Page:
|George Washington Shannon|
|Born||February 20, 1914
El Dorado, Arkansas, USA
|Died||April 25, 1998 (aged 84)
Shreveport, Caddo Parish, Louisiana, USA
|Occupation||Newspaper editor and journalist|
|Spouse(s)||Sidney Anita "Nita" Pearce Shannon (1906-1996)|
Shannon was born in El Dorado, the seat of Union County, in southern Arkansas. He began his career as a reporter and sports editor at the El Dorado News-Times, one of the Clyde E. Palmer newspapers (since WEHCO Media, Inc.). In 1935, he joined the staff of the Shreveport Times, a morning daily, and became assistant city editor. In 1938, he was hired by the Alexandria Daily Town Talk, then an afternoon daily and Sunday morning publication and the largest newspaper in central Louisiana. The veteran Alexandria editor, Adras LaBorde, came to The Town Talk after Shannon had already left.
Shannon's career was interrupted by service in the U.S. Army in World War II. After the war, he joined the staff of the now defunct Shreveport Journal, an afternoon Monday-Saturday daily. Shannon was named Journal editor in July 1953 and retained that position until April 1971. At the time, the paper was owned by the family of the publisher Douglas F. Attaway (1910–1994), and it espoused staunchly conservative editorials.
Shannon urged the South to leave the Democratic Party. He first proposed "free electors" in 1964, but then editorially endorsed Republican presidential nominee Barry M. Goldwater of Arizona in the latter's ill-fated race against U.S. President Lyndon B. Johnson. The Journal opposed most policies of the John F. Kennedy and Johnson presidencies. In 1968, the paper endorsed the American Independent Party presidential candidate, then former Governor George Corley Wallace, Jr., of Alabama, who won Louisiana's ten electoral votes by plurality. Wallace came to Shreveport in 1971 to speak at Shannon's "appreciation dinner".
Even in state politics, Shannon broke with the Democrats in the 1964 gubernatorial general election, when the Journal urged support for the conservative Republican candidate Charlton Havard Lyons, Sr., of Shreveport. Lyons ran strongly in northwest Louisiana but was decisively defeated statewide by the Democrat John Julian McKeithen. Shannon opposed moderate and liberal Republicans, whose presence in the party, he believed, served to discourage Southerners at the time from switching their partisan affiliation. However, in the 1961 special election for the United States House of Representatives, Shannon had penned the editorial endorsing the Democrat Joe D. Waggonner, Jr., who defeated Charlton Lyons to fill the seat vacated by the death of U.S. Representative Overton Brooks. Shannon wrote that "citizens who understand the principles of states rights are not likely to be fooled by the claim that the election of Waggonner could be viewed as a victory for the Kennedy regime."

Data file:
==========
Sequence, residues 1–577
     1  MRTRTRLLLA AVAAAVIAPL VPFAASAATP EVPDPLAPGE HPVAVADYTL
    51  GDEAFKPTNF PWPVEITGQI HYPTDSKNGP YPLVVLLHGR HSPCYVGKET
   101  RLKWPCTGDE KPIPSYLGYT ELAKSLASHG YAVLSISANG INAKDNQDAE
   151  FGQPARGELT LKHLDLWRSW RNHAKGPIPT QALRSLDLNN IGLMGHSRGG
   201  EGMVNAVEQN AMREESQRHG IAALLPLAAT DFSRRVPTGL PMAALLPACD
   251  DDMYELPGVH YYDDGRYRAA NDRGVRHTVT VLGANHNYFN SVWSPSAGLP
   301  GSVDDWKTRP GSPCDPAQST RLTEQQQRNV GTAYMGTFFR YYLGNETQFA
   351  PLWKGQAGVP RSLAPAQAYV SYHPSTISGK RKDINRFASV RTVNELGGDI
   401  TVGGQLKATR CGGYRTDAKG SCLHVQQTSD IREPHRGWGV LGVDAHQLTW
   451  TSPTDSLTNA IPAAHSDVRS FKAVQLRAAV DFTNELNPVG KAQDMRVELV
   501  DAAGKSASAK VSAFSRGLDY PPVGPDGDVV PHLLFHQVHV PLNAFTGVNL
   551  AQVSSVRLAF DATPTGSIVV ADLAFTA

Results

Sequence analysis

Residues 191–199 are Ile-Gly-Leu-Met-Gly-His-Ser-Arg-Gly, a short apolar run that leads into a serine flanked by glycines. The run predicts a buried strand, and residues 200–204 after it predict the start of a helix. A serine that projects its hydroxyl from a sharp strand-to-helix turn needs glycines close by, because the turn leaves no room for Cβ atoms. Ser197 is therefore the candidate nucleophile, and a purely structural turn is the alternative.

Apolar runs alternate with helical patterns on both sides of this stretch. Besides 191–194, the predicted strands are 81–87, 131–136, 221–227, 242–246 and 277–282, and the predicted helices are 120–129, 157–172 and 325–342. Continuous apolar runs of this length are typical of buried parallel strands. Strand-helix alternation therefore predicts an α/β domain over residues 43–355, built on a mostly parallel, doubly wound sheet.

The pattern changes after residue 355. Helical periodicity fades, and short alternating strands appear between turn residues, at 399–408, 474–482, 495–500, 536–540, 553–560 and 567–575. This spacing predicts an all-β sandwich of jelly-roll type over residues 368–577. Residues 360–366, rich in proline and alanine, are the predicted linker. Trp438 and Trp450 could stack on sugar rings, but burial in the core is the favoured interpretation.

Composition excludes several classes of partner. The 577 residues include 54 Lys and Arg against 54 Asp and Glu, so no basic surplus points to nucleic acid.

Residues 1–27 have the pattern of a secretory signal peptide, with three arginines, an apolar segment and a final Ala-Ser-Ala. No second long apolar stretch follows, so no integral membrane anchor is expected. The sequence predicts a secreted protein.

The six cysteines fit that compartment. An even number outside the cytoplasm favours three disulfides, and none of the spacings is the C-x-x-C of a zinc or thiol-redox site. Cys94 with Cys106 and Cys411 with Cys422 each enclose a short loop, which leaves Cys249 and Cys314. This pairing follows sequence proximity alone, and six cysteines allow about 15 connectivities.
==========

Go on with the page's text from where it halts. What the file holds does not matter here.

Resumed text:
After he left the Journal, Shannon was associated with The Citizen, a magazine published in Jackson, Mississippi. In retirement, he returned to Shreveport.
When the Attaways sold the Journal to Shreveport businessman Charles T. Beaird (1922–2006), an avowed liberal Republican who had once served on the Caddo Parish Police Jury (since the Caddo Parish Commission), the editorial policy, under editor Stanley R. Tiner, a Democrat and later an unsuccessful congressional candidate, switched firmly to the political left.
Shannon's professional and civic involvements included the American Society of Newspaper Editors, the National Conference of Editorial Writers, and the Downtown Rotary Club of Shreveport, one of the largest civic clubs in the nation. He was also a past president of the Shreveport chapter of the Reserve Officers Association.
Shannon died of a sudden illness. Services were held in the Frost Chapel of the First Baptist Church of Shreveport on April 28, 1998.
Mrs. Shannon, the former Sidney Anita "Nita" Pearce (1906–1996), preceded her husband in death, having succumbed to complications following an accidental fall at their Shreveport residence. A native of Bunkie in Avoyelles Parish, she graduated from Bunkie High School and attended Alexandria Business College. The Shannons met while they were both living in Alexandria. Services for Mrs. Shannon were held on May 8, 1996, also at the First Baptist Church of Shreveport, with the Reverend Dr. Jon Stubblefield officiating.
In 1962, the couple sued the Shreveport Transit Co. after Mrs. Shannon was injured on a municipal trolley. They collected some $12,000 for pain and medical bills but tried to amend the suit to claim $30,000. At the time of the accident, a student driver was behind the wheel of the trolley.
The Shannons had no children. They are buried in Forest Park Cemetery in Shreveport.
Shannon's archival materials are at the Noel Memorial Library of Louisiana State University in Shreveport.
George Shannon obituary, Shreveport Times, April 27, 1998
Shannon v. Shreveport Transit Co., 149 So.2d 206 (La. App. 2 Cir., 1963)